Monday, June 27, 2011

That Other Saddle

A quiet and not unpleasant morning at the flea market yesterday. Nothing spectacular, just a little bit of everything, including a couple of decent Hartlands. I haven’t been seeing much of them around these parts lately, so it’s nice to know they haven’t been completely "mined" out yet. I don’t have a huge Hartland collection - basically one shelf, a bunch of Tinymites, and some religious figurines. And a couple of those Western Horses that aren’t Western Horses.

Speaking of horses with saddles - and in case you didn’t see it before - here’s a good discussion on Blab of that other saddle I referred to in one of my posts some time back, about the Western Prancing Horse:

The piece I saw was on a Western Prancing Horse, hence my initial belief that it might have been an early WPH accessory, not a Western Horse one. It does seem more logical that this saddle was a transitional one for the Western Horse, when it switched over from the snap-ons to the slip-ons. It’s basically a snap-on saddle without a cinch, molded in white plastic that’s "stained" either gray or tan, like the later slip-ons are.

These saddles were made, presumably, after the decision to discontinue the snap-on saddle was made, but before the mold for the slip-on saddle was ready. And not for long, based on the fact that they don’t seem to be all that common

The exact date on these is a little iffy; the slip-on saddles first appear in Breyer literature in 1968, but Breyer was notorious for reusing older stock photographs back then, so it could have been a year or two earlier than that.

As to why nobody notice them before - well, that’s an easy one. Hobbyists weren’t looking for it. Western Horses are, for the most part, so common and familiar that we rarely take notice of them in the first place. If we do bother to notice that the saddle seems to be a little bit different, we assume that it was either a later substitution or mix up.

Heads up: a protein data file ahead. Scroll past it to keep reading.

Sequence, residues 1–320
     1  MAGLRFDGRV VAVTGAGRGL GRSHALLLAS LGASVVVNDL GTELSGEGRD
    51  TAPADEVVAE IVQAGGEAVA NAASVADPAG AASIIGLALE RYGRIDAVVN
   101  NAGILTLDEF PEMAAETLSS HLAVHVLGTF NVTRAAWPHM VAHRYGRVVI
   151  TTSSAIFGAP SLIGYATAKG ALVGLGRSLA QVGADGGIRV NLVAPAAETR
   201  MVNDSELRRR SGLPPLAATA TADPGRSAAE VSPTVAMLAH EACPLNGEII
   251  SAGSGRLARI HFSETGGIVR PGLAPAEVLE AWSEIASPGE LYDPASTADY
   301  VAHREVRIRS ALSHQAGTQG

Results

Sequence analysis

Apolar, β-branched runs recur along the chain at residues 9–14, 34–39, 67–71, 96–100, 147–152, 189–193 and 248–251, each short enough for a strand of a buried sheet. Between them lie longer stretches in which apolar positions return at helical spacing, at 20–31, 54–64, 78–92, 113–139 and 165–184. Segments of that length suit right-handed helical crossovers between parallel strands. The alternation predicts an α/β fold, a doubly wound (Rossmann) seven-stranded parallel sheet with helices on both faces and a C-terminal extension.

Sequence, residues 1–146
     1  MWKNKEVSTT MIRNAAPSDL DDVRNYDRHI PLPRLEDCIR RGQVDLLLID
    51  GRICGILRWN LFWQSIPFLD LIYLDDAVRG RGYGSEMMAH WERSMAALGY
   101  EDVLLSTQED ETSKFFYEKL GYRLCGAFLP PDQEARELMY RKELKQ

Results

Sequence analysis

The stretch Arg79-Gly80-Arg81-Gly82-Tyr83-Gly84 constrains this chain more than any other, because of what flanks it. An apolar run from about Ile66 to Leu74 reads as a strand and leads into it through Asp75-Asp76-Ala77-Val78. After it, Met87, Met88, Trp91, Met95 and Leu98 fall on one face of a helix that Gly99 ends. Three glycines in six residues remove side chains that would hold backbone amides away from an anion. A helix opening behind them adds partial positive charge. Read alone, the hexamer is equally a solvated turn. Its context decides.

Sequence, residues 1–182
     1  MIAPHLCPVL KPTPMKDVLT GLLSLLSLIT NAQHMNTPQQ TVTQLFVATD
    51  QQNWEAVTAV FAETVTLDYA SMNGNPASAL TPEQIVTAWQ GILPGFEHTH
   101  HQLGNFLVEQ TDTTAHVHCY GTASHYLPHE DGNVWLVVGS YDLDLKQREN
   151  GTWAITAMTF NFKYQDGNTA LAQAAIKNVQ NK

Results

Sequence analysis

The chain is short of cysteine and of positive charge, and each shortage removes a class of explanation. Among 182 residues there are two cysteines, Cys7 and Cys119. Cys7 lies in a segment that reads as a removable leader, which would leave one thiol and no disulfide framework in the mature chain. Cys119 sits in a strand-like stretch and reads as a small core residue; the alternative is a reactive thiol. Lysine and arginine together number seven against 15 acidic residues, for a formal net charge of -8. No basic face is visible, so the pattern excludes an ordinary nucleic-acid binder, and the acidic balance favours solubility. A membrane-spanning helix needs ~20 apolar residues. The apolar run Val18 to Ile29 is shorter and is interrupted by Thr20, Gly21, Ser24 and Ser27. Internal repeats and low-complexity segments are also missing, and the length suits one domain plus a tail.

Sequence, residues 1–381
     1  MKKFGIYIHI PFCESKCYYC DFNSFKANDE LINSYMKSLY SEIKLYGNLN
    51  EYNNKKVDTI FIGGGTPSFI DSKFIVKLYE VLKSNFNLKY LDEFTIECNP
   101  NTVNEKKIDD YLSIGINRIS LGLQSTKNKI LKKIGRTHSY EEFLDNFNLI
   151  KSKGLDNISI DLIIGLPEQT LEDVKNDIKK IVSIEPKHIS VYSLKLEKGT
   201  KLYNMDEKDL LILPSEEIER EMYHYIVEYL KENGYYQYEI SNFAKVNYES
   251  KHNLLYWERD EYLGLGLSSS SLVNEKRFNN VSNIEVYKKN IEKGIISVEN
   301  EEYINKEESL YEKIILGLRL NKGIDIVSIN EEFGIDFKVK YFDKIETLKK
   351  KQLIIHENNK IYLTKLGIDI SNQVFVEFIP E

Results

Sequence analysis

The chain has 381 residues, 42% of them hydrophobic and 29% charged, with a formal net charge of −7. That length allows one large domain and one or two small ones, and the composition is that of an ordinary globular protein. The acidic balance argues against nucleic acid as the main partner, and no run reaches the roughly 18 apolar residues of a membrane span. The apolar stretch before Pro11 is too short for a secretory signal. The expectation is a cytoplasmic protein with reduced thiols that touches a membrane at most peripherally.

It doesn’t help that the Hartland Champs came with a very similar saddle, in a very similar color. That’s what I thought, initially, when I saw that listing several years ago on eBay. "Hmm, why would a WPH have a Hartland saddle on it? Weird." I bookmarked it, then forgot to bid. I’m usually pretty good about following up on my hunches, which is why it still bothers me after all these years.

The one I saw on the WPH must have been accidentally switched out by a previous owner; it’s also not out of the realm of possibility that the saddles got mixed up at the factory. It doesn’t take much to make either saddle fit either horse, just some heat and a little pinching or pulling.

1 comment:

Anonymous said...

As someone who played with these horses as a child (I was born in 1944), I must remind you that we were not at ALL fussy about what saddles went on what horses. If they fit, they went on, so any mixes of hartland, breyer, ohio plastics, hong kong (later) etc. can be found on any horse that has come down through the years pretty much as it was left by its original owner. I recently got my first customized western horse back from my 16-year-old granddaughter, who originally inherited it from my daughter, who originally got it from me. It's a mess now but I may restore it to its original thread-tailed, thread-maned chestnut beauty some day. Or not. And as for seeing a "hartland" saddle on a "Breyer" horse on ebay, don't forget the early Hartland Western Horses and the early Breyer Western Horses looked nearly identical, so much so that the Hartland Creampuff and the Breyer Creampuff are often mistaken for each other, and yes, BOTH do exist.